Battle for the Planet of the Apes appears in an aspect ratio of approximately 2.35:1 on this Blu-ray Disc. After a slightly rocky start, the image became quite good.
Overall sharpness was good. Some shots could be a bit soft – especially during the opening - and some interiors lacked great resolution, but those weren’t frequent distractions. The majority of the movie showed nice clarity and accuracy. I saw no examples of shimmering or jagged edges, and edge haloes created no problems. I also failed to witness any print flaws.
Colors looked fine. The film tended toward somewhat muted tones but they were fairly natural and showed good range. Blacks seemed deep and firm, and I thought low-light shots delivered reasonable clarity. This ended up as a satisfactory presentation.
While the DTS-HD MA 5.1 soundtrack seemed moderately above average for its era, it showed its age a little more than I’d like. The main problems stemmed from the quality of the audio. Speech always remained intelligible, but the lines occasionally sounded a bit edgy and hollow.
Effects also demonstrated a little distortion, though they mostly displayed decent accuracy and range. Music was the best part of the track. The cues sometimes were a bit shrill, but they mostly came across as acceptably full and lively.
The soundfield worked okay, though it could be a little erratic. At times, the mix tended to steer right; I occasionally wondered if something was wrong with my front left speaker, as I didn’t hear much from it. Balance improved as the movie proceeded, though, and the mix usually delivered a decent sense of place.
The score spread across the channels fairly well and the whole package used the back channels in a moderately engaging manner. Nothing here dazzled, but this was an acceptable mix for a more than 40-year-old movie.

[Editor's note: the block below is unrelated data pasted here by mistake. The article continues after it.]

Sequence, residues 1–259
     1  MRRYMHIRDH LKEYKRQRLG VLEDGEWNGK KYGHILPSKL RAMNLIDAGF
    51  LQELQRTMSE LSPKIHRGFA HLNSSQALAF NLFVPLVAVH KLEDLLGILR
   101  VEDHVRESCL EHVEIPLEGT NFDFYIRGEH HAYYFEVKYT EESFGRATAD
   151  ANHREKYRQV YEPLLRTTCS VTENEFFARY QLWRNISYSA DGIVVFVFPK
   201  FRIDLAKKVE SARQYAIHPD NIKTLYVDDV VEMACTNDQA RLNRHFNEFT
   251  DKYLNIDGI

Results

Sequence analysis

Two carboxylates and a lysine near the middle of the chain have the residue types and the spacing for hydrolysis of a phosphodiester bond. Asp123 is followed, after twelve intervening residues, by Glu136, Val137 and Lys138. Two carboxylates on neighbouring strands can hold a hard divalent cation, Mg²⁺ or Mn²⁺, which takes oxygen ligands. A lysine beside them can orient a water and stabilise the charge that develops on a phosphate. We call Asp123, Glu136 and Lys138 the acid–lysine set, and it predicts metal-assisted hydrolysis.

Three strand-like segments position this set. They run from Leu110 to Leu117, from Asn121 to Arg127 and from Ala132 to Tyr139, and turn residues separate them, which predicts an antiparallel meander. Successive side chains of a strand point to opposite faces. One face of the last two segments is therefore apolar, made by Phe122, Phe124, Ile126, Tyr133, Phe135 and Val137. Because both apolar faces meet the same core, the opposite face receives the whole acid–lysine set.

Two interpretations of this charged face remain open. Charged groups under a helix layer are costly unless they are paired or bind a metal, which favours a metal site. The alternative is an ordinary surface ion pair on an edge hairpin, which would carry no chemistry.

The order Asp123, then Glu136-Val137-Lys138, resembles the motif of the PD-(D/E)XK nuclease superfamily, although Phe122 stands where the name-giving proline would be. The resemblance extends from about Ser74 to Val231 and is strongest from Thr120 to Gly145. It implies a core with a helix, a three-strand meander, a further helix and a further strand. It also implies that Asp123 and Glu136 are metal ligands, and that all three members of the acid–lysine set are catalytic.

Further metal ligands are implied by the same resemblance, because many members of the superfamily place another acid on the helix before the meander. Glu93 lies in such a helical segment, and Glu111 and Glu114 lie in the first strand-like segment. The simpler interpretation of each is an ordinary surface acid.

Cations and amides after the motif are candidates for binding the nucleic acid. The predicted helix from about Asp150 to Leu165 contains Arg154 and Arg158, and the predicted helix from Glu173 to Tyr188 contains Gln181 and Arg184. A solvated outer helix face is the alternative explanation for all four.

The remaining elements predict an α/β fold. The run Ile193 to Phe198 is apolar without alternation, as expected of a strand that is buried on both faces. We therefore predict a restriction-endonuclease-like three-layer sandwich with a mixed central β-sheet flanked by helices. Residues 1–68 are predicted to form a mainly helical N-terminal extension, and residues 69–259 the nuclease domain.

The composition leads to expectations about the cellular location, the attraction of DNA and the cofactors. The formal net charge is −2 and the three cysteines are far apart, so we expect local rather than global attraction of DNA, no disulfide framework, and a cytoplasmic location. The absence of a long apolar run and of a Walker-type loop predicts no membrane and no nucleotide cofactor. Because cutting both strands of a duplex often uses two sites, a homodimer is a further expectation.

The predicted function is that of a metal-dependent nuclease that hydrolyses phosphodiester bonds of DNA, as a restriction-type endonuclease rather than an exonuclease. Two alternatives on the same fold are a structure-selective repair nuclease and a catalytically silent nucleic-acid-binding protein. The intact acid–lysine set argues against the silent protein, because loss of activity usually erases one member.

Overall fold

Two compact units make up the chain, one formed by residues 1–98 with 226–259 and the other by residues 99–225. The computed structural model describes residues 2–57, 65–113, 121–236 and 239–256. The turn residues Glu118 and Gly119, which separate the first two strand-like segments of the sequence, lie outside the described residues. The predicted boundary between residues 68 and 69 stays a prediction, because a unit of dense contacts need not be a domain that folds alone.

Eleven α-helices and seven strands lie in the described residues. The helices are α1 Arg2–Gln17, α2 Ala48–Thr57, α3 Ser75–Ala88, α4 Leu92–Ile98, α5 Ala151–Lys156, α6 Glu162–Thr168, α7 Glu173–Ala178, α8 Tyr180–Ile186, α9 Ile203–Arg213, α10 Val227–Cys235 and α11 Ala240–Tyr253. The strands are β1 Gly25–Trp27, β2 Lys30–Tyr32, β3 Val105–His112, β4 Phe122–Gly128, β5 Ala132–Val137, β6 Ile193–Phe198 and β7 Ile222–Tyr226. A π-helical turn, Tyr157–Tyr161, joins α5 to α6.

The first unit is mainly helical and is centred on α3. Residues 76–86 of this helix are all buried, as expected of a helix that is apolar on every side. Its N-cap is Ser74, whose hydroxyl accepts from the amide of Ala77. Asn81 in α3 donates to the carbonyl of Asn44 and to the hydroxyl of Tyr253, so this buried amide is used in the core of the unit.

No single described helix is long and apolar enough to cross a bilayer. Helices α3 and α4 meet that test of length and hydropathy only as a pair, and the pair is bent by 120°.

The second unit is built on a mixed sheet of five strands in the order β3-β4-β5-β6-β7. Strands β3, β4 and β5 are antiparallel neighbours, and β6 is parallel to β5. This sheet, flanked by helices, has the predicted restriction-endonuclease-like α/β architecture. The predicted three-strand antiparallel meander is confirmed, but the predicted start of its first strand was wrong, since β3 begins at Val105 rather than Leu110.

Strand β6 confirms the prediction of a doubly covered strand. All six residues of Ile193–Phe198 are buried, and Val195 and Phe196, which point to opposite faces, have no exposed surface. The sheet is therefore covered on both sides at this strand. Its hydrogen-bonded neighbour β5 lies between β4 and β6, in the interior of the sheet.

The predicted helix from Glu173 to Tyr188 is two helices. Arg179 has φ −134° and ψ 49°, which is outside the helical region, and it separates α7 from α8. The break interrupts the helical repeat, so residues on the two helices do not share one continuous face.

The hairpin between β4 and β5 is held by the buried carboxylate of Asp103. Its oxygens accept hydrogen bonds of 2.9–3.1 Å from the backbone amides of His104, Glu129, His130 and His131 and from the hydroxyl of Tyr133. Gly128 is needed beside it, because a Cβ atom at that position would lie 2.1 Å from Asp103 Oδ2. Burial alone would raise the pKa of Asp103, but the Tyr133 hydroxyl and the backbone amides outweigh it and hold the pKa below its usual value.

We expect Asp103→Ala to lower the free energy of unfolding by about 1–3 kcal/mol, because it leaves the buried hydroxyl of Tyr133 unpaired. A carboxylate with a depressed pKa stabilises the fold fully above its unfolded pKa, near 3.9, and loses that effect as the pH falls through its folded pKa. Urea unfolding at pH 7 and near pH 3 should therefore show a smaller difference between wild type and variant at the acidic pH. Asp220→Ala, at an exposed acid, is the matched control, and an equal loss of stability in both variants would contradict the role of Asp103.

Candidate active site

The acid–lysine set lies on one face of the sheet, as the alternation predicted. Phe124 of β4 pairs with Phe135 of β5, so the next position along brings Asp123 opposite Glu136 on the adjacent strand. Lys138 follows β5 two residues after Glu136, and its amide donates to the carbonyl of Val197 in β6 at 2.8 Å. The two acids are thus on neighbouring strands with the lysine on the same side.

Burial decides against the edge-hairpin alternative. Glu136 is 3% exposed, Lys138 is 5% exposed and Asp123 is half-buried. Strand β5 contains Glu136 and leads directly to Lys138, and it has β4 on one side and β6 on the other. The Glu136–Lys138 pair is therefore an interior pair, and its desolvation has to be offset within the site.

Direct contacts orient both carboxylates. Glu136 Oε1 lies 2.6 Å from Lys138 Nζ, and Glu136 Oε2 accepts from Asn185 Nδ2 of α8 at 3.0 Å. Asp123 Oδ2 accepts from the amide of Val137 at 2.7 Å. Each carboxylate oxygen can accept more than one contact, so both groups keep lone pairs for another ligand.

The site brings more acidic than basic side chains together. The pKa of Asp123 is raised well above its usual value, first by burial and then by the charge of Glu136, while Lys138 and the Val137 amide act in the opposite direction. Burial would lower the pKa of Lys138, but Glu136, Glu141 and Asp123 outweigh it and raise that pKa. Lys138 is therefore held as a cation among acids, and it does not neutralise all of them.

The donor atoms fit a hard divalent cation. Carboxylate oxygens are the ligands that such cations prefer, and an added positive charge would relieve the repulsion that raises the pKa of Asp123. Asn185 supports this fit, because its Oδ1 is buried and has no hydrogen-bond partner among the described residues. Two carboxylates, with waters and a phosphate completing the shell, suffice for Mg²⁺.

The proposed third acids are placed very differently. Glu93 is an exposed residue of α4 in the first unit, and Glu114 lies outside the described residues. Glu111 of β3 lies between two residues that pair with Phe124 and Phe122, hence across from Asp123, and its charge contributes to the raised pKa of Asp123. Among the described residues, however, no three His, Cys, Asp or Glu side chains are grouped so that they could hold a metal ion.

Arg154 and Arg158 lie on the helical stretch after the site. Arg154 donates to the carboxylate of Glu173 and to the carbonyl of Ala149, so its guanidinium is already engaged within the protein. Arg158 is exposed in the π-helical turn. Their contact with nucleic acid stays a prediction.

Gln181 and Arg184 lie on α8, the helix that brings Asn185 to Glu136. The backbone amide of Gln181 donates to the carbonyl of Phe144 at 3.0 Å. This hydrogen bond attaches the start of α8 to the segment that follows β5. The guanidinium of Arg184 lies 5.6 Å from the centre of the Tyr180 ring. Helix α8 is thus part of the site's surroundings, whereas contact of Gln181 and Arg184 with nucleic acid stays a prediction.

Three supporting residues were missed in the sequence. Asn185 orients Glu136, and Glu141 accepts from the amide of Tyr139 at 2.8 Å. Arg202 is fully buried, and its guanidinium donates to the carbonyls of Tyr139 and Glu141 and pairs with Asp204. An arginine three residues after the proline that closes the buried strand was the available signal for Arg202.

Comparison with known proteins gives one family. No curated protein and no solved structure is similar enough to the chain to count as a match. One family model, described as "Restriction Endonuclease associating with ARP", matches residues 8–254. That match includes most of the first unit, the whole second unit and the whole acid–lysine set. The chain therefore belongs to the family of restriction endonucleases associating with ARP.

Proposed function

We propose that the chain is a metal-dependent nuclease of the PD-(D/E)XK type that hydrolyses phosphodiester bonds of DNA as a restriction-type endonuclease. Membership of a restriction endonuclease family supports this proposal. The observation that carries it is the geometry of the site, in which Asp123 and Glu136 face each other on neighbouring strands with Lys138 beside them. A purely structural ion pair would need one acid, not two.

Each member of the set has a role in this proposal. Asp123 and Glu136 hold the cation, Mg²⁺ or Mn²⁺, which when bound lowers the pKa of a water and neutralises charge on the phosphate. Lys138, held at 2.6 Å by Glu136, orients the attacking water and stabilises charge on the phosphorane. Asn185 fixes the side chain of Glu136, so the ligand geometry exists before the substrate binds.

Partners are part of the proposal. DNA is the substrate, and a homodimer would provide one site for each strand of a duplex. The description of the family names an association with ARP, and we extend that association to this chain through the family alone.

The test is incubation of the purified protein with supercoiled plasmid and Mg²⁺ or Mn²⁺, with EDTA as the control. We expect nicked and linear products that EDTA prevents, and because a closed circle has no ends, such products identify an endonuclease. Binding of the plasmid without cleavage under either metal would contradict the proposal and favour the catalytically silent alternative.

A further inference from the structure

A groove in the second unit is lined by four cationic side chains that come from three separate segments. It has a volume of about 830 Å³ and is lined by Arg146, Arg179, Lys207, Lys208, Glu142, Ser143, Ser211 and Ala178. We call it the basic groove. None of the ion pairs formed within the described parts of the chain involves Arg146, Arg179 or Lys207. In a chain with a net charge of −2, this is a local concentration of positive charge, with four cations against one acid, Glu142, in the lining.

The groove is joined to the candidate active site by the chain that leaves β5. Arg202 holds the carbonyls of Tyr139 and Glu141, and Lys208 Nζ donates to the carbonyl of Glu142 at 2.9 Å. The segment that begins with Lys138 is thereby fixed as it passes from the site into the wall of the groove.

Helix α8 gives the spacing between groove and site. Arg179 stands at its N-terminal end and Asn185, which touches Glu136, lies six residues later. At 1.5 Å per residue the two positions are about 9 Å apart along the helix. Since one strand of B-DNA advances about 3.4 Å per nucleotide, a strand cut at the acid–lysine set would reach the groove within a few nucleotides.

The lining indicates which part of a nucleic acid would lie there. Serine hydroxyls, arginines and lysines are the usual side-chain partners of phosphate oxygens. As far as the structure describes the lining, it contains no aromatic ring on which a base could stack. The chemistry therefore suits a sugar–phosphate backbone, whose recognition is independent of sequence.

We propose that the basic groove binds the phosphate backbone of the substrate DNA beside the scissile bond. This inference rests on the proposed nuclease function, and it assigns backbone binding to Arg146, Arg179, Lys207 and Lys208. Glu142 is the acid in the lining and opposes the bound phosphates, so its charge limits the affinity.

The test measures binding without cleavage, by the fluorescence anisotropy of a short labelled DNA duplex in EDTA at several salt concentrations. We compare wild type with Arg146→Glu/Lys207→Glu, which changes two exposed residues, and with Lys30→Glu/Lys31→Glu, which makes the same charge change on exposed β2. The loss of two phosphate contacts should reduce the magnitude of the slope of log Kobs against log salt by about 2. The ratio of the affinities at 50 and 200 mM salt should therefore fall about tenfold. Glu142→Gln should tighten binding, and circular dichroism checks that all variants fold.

How did the Blu-ray compare to the prior DVD from 2006? Audio was a little better developed, as I thought the soundfield showed better balance. Visuals seemed tighter and cleaner as well. The old DVD was nice, but the Blu-ray provided improvements.
While the DVD included virtually no extras, the Blu-ray provides a few components. Of most interest to fans, the disc boasts both the film’s theatrical version (1:26:32) and an extended cut (1:36:26). The prior DVD featured only the longer edition, and that’s the one I watched, so I can’t comment on the changes personally.
However, I checked elsewhere and it appears that most of the additions come from extensions to existing scenes. The main new sequences revolve around a nuclear weapon and its potential deployment. It’s good that viewers now have the choice between the two versions.
Though we get no commentary, we do find an isolated score. This provides Leonard Rosenman’s work in all its DTS-HD MA 5.1 glory. Fans will enjoy this bonus.
A featurette called End of an Epic: The Final Battle runs 16 minutes, 34 seconds and provides notes from Planet of the Apes Revisited author Joe Russo, Planet of the Apes As American Myth: Race, Politics and Popular Culture author Eric Greene, screenwriter Joyce Corrington, 20th Century Fox: A Corporate and Financial History author Aubrey Solomon, makeup effects artist Brian Penikas, cinematographer Richard Kline, and actors Noah Keen, Austin Stoker and Bobby Porter.
The show looks at the film’s place in the series as well as story/character elements, aspects of its script and development, budgetary restrictions, crew and cast notes, action and stunts, and the franchise’s post-Battle prospects. The program covers a good mix of movie-related subjects and becomes an efficient overview.
In addition to the film’s trailer, we find some Galleries. We locate “San Simian Sentinel” (four screens), “Interactive Pressbook” (7), “Advertising” (4) and “Behind the Scenes” (29). All are good, as they show a lot of interesting promotional material. The first two also let you take close-up views of text materials, which works well.
The original Planet of the Apes series ended with Battle for the Planet of the Apes. The film wasn’t a soaring send-off, but it didn’t turn into a total dud either. The Blu-ray provides fairly good picture and audio along with a few decent supplements. I’m not wild about the film, but the Blu-ray treats it reasonably well.
To rate this film please visit the DVD review of BATTLE FOR THE PLANET OF THE APES